Improved Meteorological Input for Atmospheric Release Decision support Systems and an Integrated LES Modeling System for Atmospheric Dispersion of Toxic Agents: Homeland Security Applications

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When hazardous material is accidently or intentionally released into the atmosphere, emergency response organizations look to decision support systems (DSSs) to translate contaminant information provided by atmospheric models into effective decisions to protect the public and emergency responders and to mitigate subsequent consequences. The Department of Homeland Security (DHS)-led Interagency Modeling and Atmospheric Assessment Center (IMAAC) is one of the primary DSSs utilized by emergency management organizations. IMAAC is responsible for providing 'a single piont for the coordination and dissemination of Federal dispersion modeling and hazard prediction products that represent the Federal position' during actual or potential incidents under the ... continued below

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Arnold, E; Simpson, M; Larsen, S; Gash, J; Aluzzi, F; Lundquist, J et al. April 26, 2010.

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Description

When hazardous material is accidently or intentionally released into the atmosphere, emergency response organizations look to decision support systems (DSSs) to translate contaminant information provided by atmospheric models into effective decisions to protect the public and emergency responders and to mitigate subsequent consequences. The Department of Homeland Security (DHS)-led Interagency Modeling and Atmospheric Assessment Center (IMAAC) is one of the primary DSSs utilized by emergency management organizations. IMAAC is responsible for providing 'a single piont for the coordination and dissemination of Federal dispersion modeling and hazard prediction products that represent the Federal position' during actual or potential incidents under the National Response Plan. The Department of Energy's (DOE) National Atmospheric Release Advisory Center (NARAC), locatec at the Lawrence Livermore National Laboratory (LLNL), serves as the primary operations center of the IMAAC. A key component of atmospheric release decision support systems is meteorological information - models and data of winds, turbulence, and other atmospheric boundary-layer parameters. The accuracy of contaminant predictions is strongly dependent on the quality of this information. Therefore, the effectiveness of DSSs can be enhanced by improving the meteorological options available to drive atmospheric transport and fate models. The overall goal of this project was to develop and evaluate new meteorological modeling capabilities for DSSs based on the use of NASA Earth-science data sets in order to enhance the atmospheric-hazard information provided to emergency managers and responders. The final report describes the LLNL contributions to this multi-institutional effort. LLNL developed an approach to utilize NCAR meteorological predictions using NASA MODIS data for the New York City (NYC) region and demonstrated the potential impact of the use of different data sources and data parameterizations on IMAAC/NARAC fate and transport predictions. A case study involving coastal sea breeze circulation patterns in the NYC region was used to investigate the sensitivity of atmospheric dispersion results on the source of three-dimensional wind field data.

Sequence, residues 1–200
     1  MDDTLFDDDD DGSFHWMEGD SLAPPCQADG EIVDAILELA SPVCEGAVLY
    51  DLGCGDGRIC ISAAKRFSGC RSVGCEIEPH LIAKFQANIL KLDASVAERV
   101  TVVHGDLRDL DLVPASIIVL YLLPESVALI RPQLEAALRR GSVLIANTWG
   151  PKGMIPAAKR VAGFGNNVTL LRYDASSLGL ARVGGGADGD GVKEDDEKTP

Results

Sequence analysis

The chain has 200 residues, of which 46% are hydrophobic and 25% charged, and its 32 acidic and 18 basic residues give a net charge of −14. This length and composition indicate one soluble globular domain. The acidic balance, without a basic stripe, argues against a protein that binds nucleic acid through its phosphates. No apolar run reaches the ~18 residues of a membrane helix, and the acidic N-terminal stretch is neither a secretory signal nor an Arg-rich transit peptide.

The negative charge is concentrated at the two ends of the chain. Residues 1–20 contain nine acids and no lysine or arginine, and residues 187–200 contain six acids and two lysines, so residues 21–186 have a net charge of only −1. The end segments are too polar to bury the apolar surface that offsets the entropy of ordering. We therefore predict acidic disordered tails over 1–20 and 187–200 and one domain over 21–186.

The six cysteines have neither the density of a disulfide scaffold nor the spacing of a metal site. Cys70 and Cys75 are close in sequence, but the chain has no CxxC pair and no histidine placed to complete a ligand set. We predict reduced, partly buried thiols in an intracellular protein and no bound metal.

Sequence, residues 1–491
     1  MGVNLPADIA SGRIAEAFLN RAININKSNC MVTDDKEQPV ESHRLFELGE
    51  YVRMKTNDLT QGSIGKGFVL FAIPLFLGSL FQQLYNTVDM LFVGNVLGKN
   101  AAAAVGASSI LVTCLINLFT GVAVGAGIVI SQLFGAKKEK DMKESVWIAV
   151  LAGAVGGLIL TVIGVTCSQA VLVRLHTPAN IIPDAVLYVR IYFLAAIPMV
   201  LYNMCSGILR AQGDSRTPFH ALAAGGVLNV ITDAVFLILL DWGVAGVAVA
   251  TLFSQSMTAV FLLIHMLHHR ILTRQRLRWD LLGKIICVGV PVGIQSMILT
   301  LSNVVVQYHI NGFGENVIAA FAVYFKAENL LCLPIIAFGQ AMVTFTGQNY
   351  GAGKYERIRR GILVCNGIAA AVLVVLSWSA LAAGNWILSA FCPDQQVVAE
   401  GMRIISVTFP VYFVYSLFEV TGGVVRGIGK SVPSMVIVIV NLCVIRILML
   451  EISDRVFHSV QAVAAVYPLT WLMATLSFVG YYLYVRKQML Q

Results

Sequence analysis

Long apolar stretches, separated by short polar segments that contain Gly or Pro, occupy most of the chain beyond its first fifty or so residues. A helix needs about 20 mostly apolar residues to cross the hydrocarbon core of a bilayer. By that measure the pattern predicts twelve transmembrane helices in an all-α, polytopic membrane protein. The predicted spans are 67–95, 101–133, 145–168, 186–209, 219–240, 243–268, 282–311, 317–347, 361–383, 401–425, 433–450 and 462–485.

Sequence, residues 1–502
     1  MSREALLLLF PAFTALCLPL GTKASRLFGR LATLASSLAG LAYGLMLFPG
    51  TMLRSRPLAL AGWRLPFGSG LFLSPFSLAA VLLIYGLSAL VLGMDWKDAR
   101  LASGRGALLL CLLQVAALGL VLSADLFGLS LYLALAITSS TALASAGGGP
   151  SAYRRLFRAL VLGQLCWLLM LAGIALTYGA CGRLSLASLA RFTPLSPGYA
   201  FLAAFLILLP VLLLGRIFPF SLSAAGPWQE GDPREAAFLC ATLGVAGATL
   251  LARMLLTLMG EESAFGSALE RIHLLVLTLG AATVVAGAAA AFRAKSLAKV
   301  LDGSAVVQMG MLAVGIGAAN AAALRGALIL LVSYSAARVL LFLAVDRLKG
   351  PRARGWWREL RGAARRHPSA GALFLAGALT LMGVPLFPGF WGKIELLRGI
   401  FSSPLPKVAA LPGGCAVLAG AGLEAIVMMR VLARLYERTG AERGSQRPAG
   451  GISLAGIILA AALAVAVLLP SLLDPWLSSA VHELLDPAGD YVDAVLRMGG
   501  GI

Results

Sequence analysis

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PDF-file: 26 pages; size: 2.3 Mbytes

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  • Report No.: LLNL-TR-429319
  • Grant Number: W-7405-ENG-48
  • DOI: 10.2172/1012428 | External Link
  • Office of Scientific & Technical Information Report Number: 1012428
  • Archival Resource Key: ark:/67531/metadc846032

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  • April 26, 2010

Added to The UNT Digital Library

  • May 19, 2016, 3:16 p.m.

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  • Nov. 29, 2016, 2:27 p.m.

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Arnold, E; Simpson, M; Larsen, S; Gash, J; Aluzzi, F; Lundquist, J et al. Improved Meteorological Input for Atmospheric Release Decision support Systems and an Integrated LES Modeling System for Atmospheric Dispersion of Toxic Agents: Homeland Security Applications, report, April 26, 2010; Livermore, California. (digital.library.unt.edu/ark:/67531/metadc846032/: accessed August 20, 2017), University of North Texas Libraries, Digital Library, digital.library.unt.edu; crediting UNT Libraries Government Documents Department.